Let’s start with the basics. What is an intranet? Usually people use the term to describe an organisations internal web site. But in the purest sense an Intranet is,
“…A private computer network that uses internet protocols and network connectivity to securely share any part of an organisation’s information or operational systems with its employees” (Wikipedia 2008)
In other words an Intranet is a private internet, and the internet isn’t a single web site with a top level landing page and a tree like structure that users navigate through. It’s a vast network made up of many different web sites, applications and services. It has no centre, top or starting point. It is the world’s largest information management system and most people find it pretty easy to use and are able to find what they need use search engines. Perhaps we can learn some lessons from this when designing our corporate Intranets?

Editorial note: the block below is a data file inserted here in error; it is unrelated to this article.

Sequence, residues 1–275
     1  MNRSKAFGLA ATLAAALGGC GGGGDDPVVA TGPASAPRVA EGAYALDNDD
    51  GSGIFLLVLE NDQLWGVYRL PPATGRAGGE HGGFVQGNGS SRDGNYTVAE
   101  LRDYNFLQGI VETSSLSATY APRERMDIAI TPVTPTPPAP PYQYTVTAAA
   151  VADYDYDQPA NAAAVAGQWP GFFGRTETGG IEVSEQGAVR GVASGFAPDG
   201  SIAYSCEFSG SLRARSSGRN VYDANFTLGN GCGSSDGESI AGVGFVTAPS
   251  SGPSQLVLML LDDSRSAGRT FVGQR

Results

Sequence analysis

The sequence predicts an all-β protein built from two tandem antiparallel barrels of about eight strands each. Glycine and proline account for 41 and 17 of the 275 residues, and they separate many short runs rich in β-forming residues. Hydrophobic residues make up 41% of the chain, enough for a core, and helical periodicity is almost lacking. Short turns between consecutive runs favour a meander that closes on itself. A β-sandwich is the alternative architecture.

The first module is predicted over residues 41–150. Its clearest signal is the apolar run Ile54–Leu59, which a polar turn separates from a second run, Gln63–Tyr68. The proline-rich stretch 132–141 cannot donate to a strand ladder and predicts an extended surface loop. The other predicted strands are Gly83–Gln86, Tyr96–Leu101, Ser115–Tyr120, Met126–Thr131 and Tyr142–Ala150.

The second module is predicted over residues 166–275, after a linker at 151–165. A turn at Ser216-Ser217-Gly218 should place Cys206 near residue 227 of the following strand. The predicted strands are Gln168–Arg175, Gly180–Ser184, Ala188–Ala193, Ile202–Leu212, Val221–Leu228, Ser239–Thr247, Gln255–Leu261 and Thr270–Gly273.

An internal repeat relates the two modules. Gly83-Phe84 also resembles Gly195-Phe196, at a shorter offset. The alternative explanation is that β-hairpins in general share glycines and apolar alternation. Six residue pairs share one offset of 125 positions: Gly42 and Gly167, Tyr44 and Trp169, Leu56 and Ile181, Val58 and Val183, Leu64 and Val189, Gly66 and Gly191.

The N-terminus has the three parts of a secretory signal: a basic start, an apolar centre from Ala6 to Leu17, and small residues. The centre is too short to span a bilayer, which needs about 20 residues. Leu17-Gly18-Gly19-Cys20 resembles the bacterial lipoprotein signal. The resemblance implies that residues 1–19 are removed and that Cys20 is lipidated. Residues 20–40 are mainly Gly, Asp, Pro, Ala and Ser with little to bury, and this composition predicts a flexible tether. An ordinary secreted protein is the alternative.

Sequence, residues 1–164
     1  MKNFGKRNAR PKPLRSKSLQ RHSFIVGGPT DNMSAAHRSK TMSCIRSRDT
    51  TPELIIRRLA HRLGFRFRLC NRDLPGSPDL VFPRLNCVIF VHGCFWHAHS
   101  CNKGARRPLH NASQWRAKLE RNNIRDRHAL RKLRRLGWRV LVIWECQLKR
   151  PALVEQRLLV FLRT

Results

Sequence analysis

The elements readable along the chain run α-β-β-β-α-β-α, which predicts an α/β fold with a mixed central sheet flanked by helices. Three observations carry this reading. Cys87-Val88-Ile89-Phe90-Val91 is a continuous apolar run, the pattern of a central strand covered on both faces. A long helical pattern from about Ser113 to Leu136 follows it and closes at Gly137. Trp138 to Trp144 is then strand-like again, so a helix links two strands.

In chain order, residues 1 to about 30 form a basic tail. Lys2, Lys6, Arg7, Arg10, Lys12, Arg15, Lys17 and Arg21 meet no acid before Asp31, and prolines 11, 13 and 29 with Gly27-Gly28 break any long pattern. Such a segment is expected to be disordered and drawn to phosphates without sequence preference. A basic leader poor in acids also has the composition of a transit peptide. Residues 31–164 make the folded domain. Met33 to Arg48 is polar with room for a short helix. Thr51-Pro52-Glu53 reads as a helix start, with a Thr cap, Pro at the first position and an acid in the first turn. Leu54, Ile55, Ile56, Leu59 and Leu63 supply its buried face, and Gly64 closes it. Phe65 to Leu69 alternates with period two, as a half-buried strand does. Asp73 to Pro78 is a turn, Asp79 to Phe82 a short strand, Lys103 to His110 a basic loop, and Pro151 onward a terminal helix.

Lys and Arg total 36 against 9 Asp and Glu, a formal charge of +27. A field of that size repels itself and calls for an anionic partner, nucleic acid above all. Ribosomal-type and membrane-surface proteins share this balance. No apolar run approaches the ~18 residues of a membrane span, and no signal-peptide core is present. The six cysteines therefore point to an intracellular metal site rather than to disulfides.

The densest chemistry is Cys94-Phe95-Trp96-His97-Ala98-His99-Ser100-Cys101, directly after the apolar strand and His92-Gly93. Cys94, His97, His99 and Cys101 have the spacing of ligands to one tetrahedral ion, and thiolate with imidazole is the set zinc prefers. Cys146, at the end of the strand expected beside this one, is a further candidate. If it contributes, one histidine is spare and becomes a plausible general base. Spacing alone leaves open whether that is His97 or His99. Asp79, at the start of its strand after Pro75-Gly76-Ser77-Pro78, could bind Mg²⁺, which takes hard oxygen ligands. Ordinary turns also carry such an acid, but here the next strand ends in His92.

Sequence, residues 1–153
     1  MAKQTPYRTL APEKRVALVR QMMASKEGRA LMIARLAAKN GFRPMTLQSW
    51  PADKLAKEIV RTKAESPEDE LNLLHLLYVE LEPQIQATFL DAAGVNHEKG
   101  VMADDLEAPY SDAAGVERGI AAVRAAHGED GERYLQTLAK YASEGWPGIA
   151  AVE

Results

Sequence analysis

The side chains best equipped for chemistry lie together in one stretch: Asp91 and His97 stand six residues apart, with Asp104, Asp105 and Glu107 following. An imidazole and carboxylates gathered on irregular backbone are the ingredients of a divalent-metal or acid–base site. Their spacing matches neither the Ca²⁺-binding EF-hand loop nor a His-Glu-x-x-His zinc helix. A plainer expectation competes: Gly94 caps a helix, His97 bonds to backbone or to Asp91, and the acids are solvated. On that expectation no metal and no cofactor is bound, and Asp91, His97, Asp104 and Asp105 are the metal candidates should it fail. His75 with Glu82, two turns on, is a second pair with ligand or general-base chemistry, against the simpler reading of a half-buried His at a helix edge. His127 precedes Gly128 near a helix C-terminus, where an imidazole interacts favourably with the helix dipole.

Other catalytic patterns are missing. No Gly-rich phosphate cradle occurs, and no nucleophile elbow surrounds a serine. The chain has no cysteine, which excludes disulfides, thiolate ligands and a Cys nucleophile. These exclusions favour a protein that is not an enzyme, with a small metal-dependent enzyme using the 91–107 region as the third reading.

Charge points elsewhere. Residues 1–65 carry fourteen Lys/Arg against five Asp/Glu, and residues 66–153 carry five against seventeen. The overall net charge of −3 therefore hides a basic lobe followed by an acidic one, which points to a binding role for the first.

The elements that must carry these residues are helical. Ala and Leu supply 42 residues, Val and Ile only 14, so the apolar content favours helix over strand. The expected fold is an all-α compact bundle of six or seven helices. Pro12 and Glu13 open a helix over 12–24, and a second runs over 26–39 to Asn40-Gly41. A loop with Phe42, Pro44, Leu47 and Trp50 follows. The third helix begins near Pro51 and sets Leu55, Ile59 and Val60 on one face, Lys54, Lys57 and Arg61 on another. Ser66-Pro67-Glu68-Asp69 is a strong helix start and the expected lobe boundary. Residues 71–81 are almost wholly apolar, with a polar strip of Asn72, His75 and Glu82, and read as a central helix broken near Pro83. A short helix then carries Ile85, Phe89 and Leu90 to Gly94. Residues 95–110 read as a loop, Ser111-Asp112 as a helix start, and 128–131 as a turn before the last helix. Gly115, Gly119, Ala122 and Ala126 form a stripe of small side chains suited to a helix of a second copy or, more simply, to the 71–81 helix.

Razorfish (Avenue A Razorfish 2008) have produced an Intranet maturity model which I find useful in talking to clients that approach SharePoint from an Intranet perspective. It gets them thinking about what they mean by “intranet”, and how their intranet will create value for them.
Figure 6: Intranet Maturity Model
At stage 1 the intranet is a corporate communications mechanism. It is centrally managed, benefits accrue from savings in printing and distribution costs, and adoption is not an issue.
At stage 2 the intranet becomes a vehicle for employee self-service. FAQ’s, HR policies and procedures, and template documents are classic examples. Benefits come from standardisation and increased productivity through self-service. Adoption is not an issue as the value proposition is easily understood by all.
In stage 3 the addition of document management and collaboration tools such as team calendars, discussion boards, and task lists address the needs of project teams. Adoption at this stage can be more difficult.
At stage 4 the intranet becomes an enterprise portal. The key characteristics of a portal are the integration with other systems and applications to provide a single point of entry, and personalisation and customisation. Personalisation describes the system’s ability to present the right information for the individual user and customisation describes the ability of the user to determine which information they see.